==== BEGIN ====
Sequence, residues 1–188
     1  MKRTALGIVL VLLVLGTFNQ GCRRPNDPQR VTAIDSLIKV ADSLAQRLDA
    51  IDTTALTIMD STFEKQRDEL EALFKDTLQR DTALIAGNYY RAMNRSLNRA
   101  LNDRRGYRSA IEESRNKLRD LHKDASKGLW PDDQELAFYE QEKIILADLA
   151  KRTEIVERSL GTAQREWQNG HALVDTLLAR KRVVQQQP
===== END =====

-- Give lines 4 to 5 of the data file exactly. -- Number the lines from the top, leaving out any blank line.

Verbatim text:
   101  LNDRRGYRSA IEESRNKLRD LHKDASKGLW PDDQELAFYE QEKIILADLA
   151  KRTEIVERSL GTAQREWQNG HALVDTLLAR KRVVQQQP